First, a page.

Birds? What Birds?

Wednesday morning birders at Nisqually NWR. 
     The first hour of my Wednesday morning did not go well. I slept through the alarm, had to cancel my first appointment, was already running late for my second, and forgot a third. But nothing was going to keep me from joining the birders at Nisqually. So what if it's 27 degrees Farenheit?
   Every Wednesday morning at 8, a genial band of birders gathers at the refuge Visitors' Center for a three-hour birding walk with Phil Kelley or another Nisqually NWR volunteer. Usually there are several refuge volunteers in the group all with spotting scopes, field guides, and much knowledge to share with beginner as well as experienced birders. The weekly walk is organized through the Black Hills Audubon Society; there is no fee for the walk, just the $3 refuge entrance fee. Tip: spend your first $3 of the day at Nisqually instead of Starbucks.
Pintails, snow goose, mallards, shovelers, mergansers, buffleheads, Canada geese, and goldeneyes are commonly seen in the refuge ponds.  Luckily, they did not distract me from the cirrus sky above. 
   Until this month, I have been going to Nisqually to walk, usually very fast, out to the end of the new boardwalk and back. Nisqually was exercise with a great view, maybe some bald eagles, a harrier, or other large bird I could see without binoculars. Now I go to walk very slowly and just to the start of the boardwalk looking at birds. I cannot call what I am doing "birding." I am looking at clouds while birding. I am chatting while birding. I am not pulling out my field guide or making a list. I am hearing the names of the birds and watching them fly and perch and hunt. Being in their company is marvelous. As is being in the company of a group of people who seem to want nothing more than to make sure everyone sees what they do--and delights in it.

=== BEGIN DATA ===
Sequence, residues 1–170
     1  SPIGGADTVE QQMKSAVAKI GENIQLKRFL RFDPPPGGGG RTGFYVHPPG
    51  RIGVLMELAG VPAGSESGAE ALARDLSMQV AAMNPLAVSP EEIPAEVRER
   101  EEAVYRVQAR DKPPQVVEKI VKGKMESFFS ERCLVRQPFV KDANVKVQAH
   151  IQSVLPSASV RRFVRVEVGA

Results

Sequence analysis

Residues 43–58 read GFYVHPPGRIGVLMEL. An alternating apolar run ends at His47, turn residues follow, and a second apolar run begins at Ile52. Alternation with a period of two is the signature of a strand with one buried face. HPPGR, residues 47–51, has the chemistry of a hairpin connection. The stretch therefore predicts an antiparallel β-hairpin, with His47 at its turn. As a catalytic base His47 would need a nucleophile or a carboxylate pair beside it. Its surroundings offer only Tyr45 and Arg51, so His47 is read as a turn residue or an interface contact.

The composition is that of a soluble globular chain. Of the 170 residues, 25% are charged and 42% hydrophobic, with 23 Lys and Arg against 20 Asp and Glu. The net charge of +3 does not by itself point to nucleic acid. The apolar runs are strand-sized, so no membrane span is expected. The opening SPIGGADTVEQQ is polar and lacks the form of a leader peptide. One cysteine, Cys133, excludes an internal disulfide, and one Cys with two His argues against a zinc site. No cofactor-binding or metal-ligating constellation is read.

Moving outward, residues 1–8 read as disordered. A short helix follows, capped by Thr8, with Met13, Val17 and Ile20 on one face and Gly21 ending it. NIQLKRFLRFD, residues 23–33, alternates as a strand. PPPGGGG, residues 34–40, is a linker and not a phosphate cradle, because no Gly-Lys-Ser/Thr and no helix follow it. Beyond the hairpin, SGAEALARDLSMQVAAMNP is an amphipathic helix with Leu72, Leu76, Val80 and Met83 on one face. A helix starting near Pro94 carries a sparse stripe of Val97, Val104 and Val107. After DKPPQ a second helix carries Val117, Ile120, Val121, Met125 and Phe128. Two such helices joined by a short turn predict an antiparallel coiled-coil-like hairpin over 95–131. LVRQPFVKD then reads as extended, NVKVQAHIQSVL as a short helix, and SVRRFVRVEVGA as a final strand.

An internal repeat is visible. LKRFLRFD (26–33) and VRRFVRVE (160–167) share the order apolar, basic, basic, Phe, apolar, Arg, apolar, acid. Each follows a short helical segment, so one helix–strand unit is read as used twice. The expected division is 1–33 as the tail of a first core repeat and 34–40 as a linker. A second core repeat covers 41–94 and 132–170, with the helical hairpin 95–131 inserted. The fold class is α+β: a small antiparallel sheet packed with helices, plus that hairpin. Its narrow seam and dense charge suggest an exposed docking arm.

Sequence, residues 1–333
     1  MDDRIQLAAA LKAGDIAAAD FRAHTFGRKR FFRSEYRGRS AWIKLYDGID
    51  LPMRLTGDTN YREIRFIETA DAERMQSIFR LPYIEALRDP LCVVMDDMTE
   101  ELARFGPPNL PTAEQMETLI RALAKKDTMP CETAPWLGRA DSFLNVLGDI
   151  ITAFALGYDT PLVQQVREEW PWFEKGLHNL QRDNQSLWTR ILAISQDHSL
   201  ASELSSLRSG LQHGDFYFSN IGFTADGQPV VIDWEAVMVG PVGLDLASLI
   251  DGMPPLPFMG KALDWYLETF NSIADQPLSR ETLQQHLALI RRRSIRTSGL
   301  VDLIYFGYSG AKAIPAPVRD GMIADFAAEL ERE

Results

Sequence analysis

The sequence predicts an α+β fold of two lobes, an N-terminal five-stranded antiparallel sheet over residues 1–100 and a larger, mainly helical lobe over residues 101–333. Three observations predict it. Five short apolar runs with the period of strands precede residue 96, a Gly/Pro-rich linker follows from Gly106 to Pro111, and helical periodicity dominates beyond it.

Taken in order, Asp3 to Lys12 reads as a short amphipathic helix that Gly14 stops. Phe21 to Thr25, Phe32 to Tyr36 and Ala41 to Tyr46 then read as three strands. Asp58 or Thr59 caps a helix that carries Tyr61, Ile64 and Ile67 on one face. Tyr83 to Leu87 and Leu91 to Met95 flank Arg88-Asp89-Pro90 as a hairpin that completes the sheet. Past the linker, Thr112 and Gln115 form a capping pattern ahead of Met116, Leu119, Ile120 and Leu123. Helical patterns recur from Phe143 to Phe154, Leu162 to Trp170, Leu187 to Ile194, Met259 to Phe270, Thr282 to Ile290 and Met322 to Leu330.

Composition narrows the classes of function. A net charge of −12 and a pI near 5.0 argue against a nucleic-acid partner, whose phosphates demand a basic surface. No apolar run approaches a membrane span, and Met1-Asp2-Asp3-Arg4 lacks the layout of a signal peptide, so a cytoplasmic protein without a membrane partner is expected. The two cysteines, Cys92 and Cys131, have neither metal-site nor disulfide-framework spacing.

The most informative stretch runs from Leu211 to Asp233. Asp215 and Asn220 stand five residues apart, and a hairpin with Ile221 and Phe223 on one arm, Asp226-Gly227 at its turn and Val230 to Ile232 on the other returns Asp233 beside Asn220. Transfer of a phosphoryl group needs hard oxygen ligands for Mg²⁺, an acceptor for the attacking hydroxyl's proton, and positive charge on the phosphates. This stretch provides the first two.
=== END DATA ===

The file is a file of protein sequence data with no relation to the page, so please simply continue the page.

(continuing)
There is a generosity of spirit that infuses this group and that seems to build during the walk. The volunteers and birders set up their Swarvoski spotting scopes and newcomers are invited to take a look. Birds are identified, genders noted or guessed at, behaviors marveled over, plumage admired. Everyone will see something common such as a bald eagle (usually several) and everyone will see something unusual or something few have seen before. This morning, in addition to many eagles, we saw one cryptically colored American Bittern crouched down in the grass, it's feathers fluffed against the cold. We watched a red-tailed hawk perched in a small tree warming itself in the sun--its wings spread like a cormorant, its tail fanned out so that we could see individual feathers. Common or rare, it was all stunning. And unphotographable with my l'il camera that is better suited to big skies.
Here are the cirrocumulus clouds. There is a bald eagle in the top of that Douglas-fir.

Altocumulus lenticularis forming above the pond where waterfowl dabbled.

This January sky holds so much more than I will ever know.
   To find out for yourself what's in the sky and waters of Nisqually National Wildlife Refuge (8 miles from Olympia) follow this link: Black Hills Audubon. Or better yet, cancel all your Wednesday appointments and go the refuge at 8.